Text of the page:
Basically, one should be able to do all the data operations without the view being involved in anyway, it makes unit testing and debugging easier, and you can re-use the controller logic in multiple views.  You can have a tree view, a gantt chart, etc, all using the same controller, doing all the same logic without any duplication.

 

and if i move the controller.Delete(treeviewNode.Data) in the model and becomes model::instance.Delete(treviewNode.Data) is not the same?



#7 ferrous   Members   -  Reputation: 2146

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Posted 20 March 2014 - 04:36 PM

 

 

View and controller commonly become mixed up in the real world. In a GUI for example, a tree view widget is both a view and a controller.

 

Strict MVC would have the view do nothing but display data in response to data changes and controller would provide input from the user but it is a stretch to make this strict approach apply in real world. Qt for example has models and views but no controllers - the views take care of those roles themselves.

 

What is your tree view widget doing that it is bleeding over to being a controller?  Any modification of data should just be the view calling the controller.  (ie someone goes and hits the delete key on a treeview node, the widget shouldn't be performing any direct operations on the data itself, but something like controller.Delete(treeviewNode.Data)

 

Basically, one should be able to do all the data operations without the view being involved in anyway, it makes unit testing and debugging easier, and you can re-use the controller logic in multiple views.  You can have a tree view, a gantt chart, etc, all using the same controller, doing all the same logic without any duplication.

 

and if i move the controller.Delete(treeviewNode.Data) in the model and becomes model::instance.Delete(treviewNode.Data) is not the same?

 

Okay, but what if you want to re-use a view with a different model?  the controller gives you that abstraction (which you may not need, depending on scope of your project)



#8 DiegoSLTS   Members   -  Reputation: 1921

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Posted 20 March 2014 - 04:39 PM

Hello, i'm not understand the role of the controller in the mvc , for example:
if i have only a model with all my functions that query the db ,do other logic and return to the view the data to show(that calls the model directly) and the model is a singleton why i need a controller?
I read that decouples the model from the view , but this what means?
Can you show me an example of the benefits of the controller?
thanks.

First of all, MVC is a design pattern, and it makes sense to apply it only in some problems. It's hard to tell if you need a controller in your example because it's not a real problem and it's also too abstract. What does your "model" represent? When you apply the MVC pattern you're not supposed to have 3 classes named Model, View and Controller, you'll have a lot of classes that represent the state of the whole system (all of them are "the model"), some classes that output the state of some parts of the model (all of those are "the view") and some more classes that handles the input and notify the objects that need to be notified (the controller).

 

"decoupling" two things means that changing the code of one of them doesn't require to do some changes in the other (they "don't know" each other). Your example is again too simplified to see how decoupling the model and the view would be a good thing, but it's a concept that applies to other patters as well and it's a good thing to have (so making changes is easier). Let's say you have a view that has a button that affects a lot of objects of your model, from different classes that are not related in any way. If you want to call a function on all those objects, your view code must know about all the implementations of your model classes, it must know how to get access to those objects (maybe some arrays in some other class) and it must have a way to tell if an objects needs to be notified about it or not. Now, if you change any of those classes, or add more, or change some rules, you must also change your view. If you have a controller with a function modifyAll that does all this work, your view will always say controllerObject.modifyAll, and it doesn't care about anything else. Of couse, now the controllers and the model are coupled together, but now you can make any number of views ignoring the actual model. If you change something on a model you must change one controller instead of multiple views.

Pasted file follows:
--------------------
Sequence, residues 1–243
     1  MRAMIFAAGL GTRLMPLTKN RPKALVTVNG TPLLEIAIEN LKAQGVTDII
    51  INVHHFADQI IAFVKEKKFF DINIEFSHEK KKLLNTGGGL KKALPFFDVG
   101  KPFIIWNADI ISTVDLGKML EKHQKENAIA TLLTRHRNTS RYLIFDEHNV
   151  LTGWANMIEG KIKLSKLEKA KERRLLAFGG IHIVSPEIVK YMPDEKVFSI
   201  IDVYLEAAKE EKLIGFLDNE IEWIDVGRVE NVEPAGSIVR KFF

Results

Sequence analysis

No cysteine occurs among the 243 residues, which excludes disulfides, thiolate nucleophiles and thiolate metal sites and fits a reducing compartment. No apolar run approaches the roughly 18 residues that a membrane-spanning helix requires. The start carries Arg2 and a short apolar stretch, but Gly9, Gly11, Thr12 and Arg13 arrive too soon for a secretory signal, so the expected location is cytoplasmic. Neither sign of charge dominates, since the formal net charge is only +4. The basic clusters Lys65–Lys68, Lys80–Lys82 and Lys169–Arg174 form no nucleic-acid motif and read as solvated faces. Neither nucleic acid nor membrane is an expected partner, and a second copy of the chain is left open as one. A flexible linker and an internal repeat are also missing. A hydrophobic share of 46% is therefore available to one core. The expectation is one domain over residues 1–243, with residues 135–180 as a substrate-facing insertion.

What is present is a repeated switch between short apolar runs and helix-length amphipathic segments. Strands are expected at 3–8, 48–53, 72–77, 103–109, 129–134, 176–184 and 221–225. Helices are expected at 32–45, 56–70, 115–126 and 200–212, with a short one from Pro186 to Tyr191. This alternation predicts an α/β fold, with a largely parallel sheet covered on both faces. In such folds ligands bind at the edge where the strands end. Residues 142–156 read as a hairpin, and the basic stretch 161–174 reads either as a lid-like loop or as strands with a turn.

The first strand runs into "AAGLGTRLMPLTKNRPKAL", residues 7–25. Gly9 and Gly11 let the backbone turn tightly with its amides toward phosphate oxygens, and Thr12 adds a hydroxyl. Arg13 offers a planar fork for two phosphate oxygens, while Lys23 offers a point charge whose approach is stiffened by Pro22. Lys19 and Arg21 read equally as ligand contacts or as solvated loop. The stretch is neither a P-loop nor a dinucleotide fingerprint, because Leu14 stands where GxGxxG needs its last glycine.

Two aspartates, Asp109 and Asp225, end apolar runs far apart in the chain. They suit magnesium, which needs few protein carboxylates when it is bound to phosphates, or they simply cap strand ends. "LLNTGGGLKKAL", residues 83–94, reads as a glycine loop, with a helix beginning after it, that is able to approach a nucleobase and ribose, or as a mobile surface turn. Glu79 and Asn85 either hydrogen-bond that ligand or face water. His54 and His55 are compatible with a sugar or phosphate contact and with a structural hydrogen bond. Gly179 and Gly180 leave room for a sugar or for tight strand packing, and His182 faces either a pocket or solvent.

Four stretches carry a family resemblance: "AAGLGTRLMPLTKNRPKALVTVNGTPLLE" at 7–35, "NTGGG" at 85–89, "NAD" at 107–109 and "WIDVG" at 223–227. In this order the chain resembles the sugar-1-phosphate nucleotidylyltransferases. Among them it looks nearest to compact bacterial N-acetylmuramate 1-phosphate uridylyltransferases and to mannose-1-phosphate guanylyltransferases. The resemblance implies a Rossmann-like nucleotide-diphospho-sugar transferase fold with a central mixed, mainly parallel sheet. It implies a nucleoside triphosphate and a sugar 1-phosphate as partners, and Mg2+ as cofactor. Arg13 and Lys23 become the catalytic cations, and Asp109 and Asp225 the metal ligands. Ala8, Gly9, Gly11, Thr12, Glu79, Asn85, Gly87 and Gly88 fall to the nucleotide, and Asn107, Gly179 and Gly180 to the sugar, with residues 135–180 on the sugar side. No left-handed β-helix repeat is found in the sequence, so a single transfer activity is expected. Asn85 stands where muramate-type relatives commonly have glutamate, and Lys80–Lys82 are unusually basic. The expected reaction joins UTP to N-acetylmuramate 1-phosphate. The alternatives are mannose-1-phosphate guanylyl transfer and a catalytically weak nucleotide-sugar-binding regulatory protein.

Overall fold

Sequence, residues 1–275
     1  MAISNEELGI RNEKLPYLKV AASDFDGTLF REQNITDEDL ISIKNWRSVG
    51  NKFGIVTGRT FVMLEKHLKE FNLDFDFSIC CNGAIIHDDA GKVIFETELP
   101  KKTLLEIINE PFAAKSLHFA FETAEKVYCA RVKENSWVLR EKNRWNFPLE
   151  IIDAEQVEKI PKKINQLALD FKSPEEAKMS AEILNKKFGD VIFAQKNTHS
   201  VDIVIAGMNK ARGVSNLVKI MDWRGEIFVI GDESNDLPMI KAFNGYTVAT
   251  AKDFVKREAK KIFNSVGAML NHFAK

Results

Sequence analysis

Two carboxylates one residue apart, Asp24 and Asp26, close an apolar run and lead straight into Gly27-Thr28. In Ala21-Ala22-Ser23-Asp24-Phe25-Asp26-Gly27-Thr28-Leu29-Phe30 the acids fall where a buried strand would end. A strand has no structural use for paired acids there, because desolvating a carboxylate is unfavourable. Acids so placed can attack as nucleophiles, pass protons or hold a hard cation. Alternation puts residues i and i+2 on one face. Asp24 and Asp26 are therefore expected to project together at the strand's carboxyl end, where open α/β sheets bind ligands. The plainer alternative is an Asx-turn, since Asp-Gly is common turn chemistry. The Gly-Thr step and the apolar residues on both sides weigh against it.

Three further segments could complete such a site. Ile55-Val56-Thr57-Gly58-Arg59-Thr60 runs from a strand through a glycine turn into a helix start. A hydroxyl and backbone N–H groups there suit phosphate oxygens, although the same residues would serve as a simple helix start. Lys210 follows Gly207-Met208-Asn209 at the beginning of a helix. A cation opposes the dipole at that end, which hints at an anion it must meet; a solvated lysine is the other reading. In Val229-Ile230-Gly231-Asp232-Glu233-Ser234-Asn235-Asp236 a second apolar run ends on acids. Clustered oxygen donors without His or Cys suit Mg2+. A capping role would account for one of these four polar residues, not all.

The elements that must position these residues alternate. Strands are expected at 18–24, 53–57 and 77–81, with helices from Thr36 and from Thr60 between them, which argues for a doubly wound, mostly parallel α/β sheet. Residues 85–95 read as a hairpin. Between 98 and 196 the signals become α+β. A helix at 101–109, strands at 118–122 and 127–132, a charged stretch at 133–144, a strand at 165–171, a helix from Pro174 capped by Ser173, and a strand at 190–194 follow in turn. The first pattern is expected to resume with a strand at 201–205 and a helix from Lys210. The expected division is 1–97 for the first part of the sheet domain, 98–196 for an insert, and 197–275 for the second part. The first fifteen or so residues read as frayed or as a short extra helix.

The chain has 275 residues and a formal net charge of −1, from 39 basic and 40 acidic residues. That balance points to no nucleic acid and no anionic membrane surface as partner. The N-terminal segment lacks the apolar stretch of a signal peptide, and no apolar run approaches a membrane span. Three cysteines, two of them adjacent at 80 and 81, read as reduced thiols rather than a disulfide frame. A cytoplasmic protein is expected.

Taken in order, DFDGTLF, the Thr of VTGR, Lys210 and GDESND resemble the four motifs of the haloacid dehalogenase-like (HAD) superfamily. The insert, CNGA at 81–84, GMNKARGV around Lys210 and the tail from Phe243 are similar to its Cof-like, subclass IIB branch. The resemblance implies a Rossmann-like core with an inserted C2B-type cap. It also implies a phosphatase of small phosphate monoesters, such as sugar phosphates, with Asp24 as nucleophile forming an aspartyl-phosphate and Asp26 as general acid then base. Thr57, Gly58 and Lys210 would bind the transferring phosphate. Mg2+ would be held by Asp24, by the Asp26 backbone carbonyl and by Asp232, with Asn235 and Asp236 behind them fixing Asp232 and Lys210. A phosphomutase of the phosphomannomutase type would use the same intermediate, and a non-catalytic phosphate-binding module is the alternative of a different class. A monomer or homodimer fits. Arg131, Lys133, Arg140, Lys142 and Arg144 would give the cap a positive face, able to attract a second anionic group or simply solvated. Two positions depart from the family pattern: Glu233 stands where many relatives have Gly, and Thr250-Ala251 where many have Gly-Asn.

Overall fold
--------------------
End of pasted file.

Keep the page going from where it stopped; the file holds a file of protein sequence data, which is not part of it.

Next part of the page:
thanks.
1)Is a good thing to make the model a singleton?
So i have always one instance and i don't fall in possible errors
2)Is a good thing create in the model all the logic with functions and call these functions from the view? or is better to create many models and share some logics with the controller
3)there are some already made mvc framework for winform .net?

Thanks.

1 - As I said before, you're not supposed to have one model, the Model in MVC pattern is a group of classes. You should have classes that represent the domain, and those classes would be "the model" in the pattern. If you're making a game with classes like Character, Obstacle and Vehicle, all of those would make the model, and you'll have objects instances of them. Some of those classes will make more sense as singletons, but probably not all.

2 - If you want to apply the MVC pattern it's bad to call model functions directly from the view, if you don't care about the pattern do it the way you want it.


Edited by DiegoSLTS, 20 March 2014 - 04:40 PM.